Well I wasn’t even going to blog it, but as I now find myself with four hours to kill in Oslo airport having just spent £18 on an unexceptional burrito and a bottle of water, I need something to occupy myself, and writing about Estonian cuisine just seems the obvious choice to distract myself from bankruptcy.
I was delighted to find myself back in Tallinn at the Komeediklubi (sorry, fluent Estonian, don’t like to show off,) working for my good friend Andrus Purde. I was even more pleased to find I was travelling with Nick Doody, an exceptional comic and thoroughly good egg whom I have known for nearly twenty years. The only real problem was the fact our flight had been at 7am, it was, lunchtime, -10 and we really wanted to eat. We took a wander around the Old Town and eventually plumped for Farm, mainly because the menu looked good, and only partly to avoid a man who was asking Nick for money. Once inside I knew we had hit some kind of jackpot simply by virtue of the utterly baffling display of stuffed animals playing cards in the lobby, as though some ambitious Estonian taxidermist had seen one of those old pictures of dogs playing snooker and really decided to up the ante.
I always love it when the guardian of a conspicuously empty restaurant asks if you have a reservation, and then makes quite a play of checking the bookings when it is abundantly clear they could happily sit you at one of about fifty tables, but this was a fairly short-lived amusement, and we were soon shown to a large table near an open, glass-walled kitchen. I wasn’t wild about the décor – it looked as though a department store designer had been handed a brief marked ‘rustic’– but it was neat, tidy and clearly designed to appeal to tourists, which was handy, as that’s essentially what we were.
And I have to say it did appeal, hugely. The menu was a fascinating collection of game, fish, berries, herbs and the heartiness of Eastern European cooking with a Baltic influence. By which I mean there was potentially a lot of sour cream about. There was even a decent vegetarian option of mushroom cutlets, even if I could tell their heart wasn’t really in it. It wasn’t cheap either, with most main courses starting around the teens upwards, and one does tend to get a lot less for one’s Euro these days, so we opted to have mains only. But first we were brought Estonian black bread, baked in house and not something I thought I always appreciated. As I said to Nick, if it looked like cake, it should bloody well taste like cake. Our charming waitress informed us it was best enjoyed with butter and a few flakes of sea salt, although, as Nick pointed out, everything tastes better with butter and a few flakes of sea salt. What I was not expecting was for it to genuinely taste like cake, and really good cake at that. This was helped along merrily with a couple of glasses of local beer – a pilsener for Nick and a ‘red’ beer for me which was a delicious, full bodied challenge to order a second, which we nobly refused to do because, you know, professionalism.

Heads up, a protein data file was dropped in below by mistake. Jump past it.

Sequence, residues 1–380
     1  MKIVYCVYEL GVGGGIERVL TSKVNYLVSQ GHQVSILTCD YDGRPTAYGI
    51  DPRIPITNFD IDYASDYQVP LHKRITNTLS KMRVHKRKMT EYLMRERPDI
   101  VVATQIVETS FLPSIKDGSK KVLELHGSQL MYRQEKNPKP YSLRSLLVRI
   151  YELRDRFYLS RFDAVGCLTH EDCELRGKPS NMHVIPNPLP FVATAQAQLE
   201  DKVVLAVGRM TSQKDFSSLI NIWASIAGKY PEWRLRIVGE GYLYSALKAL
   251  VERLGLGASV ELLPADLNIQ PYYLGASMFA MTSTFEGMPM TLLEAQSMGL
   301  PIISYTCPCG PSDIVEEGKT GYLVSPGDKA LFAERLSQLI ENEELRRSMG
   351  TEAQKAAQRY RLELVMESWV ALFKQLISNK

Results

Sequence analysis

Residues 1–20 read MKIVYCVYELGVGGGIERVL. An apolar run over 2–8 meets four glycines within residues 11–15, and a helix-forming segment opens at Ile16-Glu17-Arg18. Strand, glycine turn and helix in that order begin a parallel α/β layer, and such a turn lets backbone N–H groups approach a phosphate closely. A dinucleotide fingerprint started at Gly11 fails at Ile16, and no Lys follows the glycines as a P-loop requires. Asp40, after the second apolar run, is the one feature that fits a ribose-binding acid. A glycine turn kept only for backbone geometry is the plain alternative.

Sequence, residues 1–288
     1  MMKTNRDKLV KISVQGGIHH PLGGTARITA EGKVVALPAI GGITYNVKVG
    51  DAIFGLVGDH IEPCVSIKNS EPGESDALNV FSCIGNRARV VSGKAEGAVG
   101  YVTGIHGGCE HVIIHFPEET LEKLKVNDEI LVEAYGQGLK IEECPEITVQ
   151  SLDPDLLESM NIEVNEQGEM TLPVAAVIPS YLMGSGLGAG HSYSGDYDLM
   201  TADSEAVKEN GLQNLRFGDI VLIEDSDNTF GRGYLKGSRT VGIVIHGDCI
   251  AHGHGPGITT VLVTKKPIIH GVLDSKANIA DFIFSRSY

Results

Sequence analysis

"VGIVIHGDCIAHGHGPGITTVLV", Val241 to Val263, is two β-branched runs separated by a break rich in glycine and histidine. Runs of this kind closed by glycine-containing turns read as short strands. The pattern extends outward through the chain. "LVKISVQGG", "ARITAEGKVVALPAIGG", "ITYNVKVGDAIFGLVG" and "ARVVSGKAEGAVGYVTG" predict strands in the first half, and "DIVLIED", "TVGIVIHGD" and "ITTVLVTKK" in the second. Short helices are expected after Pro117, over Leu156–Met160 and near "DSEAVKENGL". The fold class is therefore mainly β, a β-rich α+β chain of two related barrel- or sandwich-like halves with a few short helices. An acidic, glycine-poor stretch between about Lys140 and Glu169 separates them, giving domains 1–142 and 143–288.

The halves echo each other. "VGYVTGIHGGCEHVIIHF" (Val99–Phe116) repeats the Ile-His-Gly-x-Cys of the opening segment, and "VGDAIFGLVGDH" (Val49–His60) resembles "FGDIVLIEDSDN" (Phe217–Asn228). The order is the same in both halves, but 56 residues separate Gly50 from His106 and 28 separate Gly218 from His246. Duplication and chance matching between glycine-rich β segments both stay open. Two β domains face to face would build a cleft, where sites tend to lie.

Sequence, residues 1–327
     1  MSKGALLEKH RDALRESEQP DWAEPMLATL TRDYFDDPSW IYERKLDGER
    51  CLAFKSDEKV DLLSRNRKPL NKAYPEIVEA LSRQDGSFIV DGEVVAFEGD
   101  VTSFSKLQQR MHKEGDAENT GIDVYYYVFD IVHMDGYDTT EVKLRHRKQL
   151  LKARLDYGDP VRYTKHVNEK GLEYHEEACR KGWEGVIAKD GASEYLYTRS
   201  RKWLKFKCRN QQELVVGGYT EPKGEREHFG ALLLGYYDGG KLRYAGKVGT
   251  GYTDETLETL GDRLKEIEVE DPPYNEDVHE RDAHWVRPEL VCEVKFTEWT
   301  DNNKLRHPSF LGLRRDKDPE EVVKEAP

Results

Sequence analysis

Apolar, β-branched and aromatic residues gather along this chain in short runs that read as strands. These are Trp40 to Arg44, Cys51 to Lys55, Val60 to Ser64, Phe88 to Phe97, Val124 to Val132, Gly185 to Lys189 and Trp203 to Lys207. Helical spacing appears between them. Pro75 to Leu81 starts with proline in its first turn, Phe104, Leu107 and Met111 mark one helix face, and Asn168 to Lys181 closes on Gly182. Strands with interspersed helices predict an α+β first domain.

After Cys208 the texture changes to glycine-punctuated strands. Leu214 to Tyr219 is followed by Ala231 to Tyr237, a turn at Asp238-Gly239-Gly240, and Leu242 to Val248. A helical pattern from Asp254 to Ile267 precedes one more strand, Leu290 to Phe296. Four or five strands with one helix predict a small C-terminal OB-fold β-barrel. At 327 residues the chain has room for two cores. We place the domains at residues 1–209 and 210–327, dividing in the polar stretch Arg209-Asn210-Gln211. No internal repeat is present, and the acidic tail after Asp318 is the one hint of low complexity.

When the mains arrived, possibly my only criticism was the portions were slightly less hearty than the ingredients, but my grilled ox heart with potato and roasted garlic cream was a tender, meaty delight, nicely enlivened by a few smears of juniper and some perfectly cooked yellow beets and green beans. The only slight misstep was a quenelle of tarragon butter that I didn’t think really qualified as a sauce, but then the dish didn’t really need it, and besides, it went very well on a second order of bread. Nick pronounced his pike fillet excellent, if a little bony, but then that is rather like attempting to leave the EU, then finding it was a little more complicated than living up to a slogan on the side of a bus. It is par for the course.
We decide to call it a day at that point despite being mildly tempted by a selection of dairy based desserts that I’m sure would have cleansed our palates admirably. The bill came to €45, including exemplary service, and with this level of cooking really resembled something of a bargain. There is an element of the tourist trap to the place, with its in-house bakery and adjoining café on site, but then if you’re going to trap me somewhere, feed me excellent beer, bread and intriguing flavour combinations while I natter away to an old friend, you are unlikely to find me complaining. We walked back out of the front door to discover three stuffed owls sitting on a grand piano that thankfully no one had started playing while we ate, and I wrote something complimentary in the guest book while our coats were retrieved. I fully intend to return to Farm next time I’m in Tallin, where I very much look forward to enjoying Estonian gastronomy again, if not, possibly, the taxidermy that may well make some of it possible.